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On Tuesday morning base metals are trading substantially down at the London Metal Exchange taking cues from the equities. This morning Asian markets have also retreated following US trading on Monday. However, markets still saw glimmers of hope that China's central bank would take actions due to its weak economic data, showing that copper imports for August declined 2.9 percent month on month in the face of sluggish downstream orders and weakening financing demand.
China remains the biggest problem at this point, the ECB seems to have tamed the EU for the time being and the FOMC is an odds on favorite for new QE later this week but China has not been immune to the global economic problems and they have landed flat in their laps at a very bad time.
Last week the Chinese President introduced an all new program of infrastructure construction to help kick start the slowing economy.
China's industrial production remained at 8.9 percent last month from a year earlier, lower than market expectations while early morning New Yuan loans have increased and may provide recovery in base metals prices as the day progresses.
Copper rose to its highest level in four months on Monday, driven by the increased likelihood of more economic stimulus in China and the United States, two of the world's top consumers of the metal. Building on Friday's nearly 4 percent surge, copper prices pushed higher in relatively stronger volumes, after weaker import and industrial production data over the weekend from China reinforced expectations that Beijing will soon adjust policies to lift an economy mired in its softest period of growth in three years. In the United States, disappointing employment numbers last week increased the chances that the Federal Reserve will move this week to launch another round of bond buybacks, known as quantitative easing (QE), to stimulate the world's largest economy, according to a Reuter's poll.
From the eurozone, markets eagerly await the German Court ruling and Greek never ending drama as traders take profits as the shared currency has been posting smart gains in the last four trading session and may also support weakness in base metals during the day. A German constitutional court will rule on Wednesday whether Germany can contribute to the European rescue fund, which plays a crucial role in the European Central Bank's plan to fight the region's debt crisis.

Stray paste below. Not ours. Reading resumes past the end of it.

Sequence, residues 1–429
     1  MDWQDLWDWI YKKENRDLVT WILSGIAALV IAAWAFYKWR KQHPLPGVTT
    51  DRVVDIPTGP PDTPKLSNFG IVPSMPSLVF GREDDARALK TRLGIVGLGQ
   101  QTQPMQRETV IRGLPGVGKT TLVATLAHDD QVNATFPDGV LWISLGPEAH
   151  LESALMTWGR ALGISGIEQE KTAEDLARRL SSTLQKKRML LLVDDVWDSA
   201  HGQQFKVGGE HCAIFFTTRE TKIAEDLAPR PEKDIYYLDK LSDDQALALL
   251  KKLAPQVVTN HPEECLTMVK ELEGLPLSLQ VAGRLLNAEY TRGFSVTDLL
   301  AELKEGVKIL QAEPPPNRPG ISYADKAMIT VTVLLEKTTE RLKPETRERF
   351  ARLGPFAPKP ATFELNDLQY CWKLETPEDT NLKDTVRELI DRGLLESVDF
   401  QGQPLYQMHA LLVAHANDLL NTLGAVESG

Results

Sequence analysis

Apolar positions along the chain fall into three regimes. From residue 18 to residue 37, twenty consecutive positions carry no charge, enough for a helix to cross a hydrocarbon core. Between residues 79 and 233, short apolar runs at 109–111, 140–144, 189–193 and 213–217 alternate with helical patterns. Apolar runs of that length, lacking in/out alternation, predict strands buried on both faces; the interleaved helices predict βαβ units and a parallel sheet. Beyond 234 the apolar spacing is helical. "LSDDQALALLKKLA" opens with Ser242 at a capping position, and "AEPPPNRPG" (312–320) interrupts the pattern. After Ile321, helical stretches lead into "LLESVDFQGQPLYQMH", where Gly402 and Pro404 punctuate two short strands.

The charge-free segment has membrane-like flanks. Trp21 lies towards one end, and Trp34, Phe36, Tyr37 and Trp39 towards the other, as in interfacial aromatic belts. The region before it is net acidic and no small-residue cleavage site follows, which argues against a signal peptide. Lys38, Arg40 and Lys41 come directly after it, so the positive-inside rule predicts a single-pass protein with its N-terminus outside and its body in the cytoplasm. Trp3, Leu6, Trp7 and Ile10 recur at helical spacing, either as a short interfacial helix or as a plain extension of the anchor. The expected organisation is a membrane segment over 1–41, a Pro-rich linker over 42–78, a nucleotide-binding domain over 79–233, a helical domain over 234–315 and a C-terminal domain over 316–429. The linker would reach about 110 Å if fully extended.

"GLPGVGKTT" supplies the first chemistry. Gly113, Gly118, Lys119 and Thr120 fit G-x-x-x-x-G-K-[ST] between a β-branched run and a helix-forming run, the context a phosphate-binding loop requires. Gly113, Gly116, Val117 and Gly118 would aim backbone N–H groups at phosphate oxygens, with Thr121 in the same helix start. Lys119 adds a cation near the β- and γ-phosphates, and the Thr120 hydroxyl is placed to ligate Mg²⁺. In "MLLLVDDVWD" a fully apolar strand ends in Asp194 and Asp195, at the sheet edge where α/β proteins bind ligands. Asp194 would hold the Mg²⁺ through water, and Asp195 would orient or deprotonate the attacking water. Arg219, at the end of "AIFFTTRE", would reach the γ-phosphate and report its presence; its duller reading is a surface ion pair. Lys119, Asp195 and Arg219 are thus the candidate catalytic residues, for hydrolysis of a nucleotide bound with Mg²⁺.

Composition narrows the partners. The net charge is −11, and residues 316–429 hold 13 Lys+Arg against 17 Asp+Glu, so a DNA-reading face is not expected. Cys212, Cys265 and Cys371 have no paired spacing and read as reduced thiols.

As anticipations over QE3 measures have recently increased, longs have entered markets actively, but this kind of price increases is rather unstable from fundamentals perspective. In addition, rebounds in base metals have gradually neared resistance levels, and hence investors should be cautious that rebounds might be short-lived as of now.
Yesterday's data showed that the US consumer credit has declined in first 11 months and has further added weakness in metals while the Japan machine tools are likely to remain weak. In the US today, the US small business confidence may improve slightly due to hopes of QE and general election nearing while the trade deficit of US may widen due to higher crude oil prices weakening the dollar.
Precious metals edged higher today, paring losses from the previous session, with investors awaiting a key German ruling on the eurozone's bailout fund and a U.S. Federal Reserve decision on possible measures to stimulate the economy. The chances of a QE3 announcement this week have jumped after disappointing U.S. employment data last Friday, sending spot gold to above $1,740 for the first time since end of February. Scrap continued to flow into Asia's physical gold market as prices remained buoyed by market expectations for more stimulus measures.
Gold eased on Monday as investors took profits, but the metal stayed near a six-month high after last week's disappointing U.S. payrolls data boosted hopes that the Federal Reserve could unveil new stimulus as early as Thursday. Gold rebounded on Tuesday and remains strong in Asian trading on Wednesday morning.
Silver futures prices have drifted lower at the early Globex on the back of weak Asian equities. Silver is more affected by the Chinese data then gold as it is two faced, industrial and precious metal.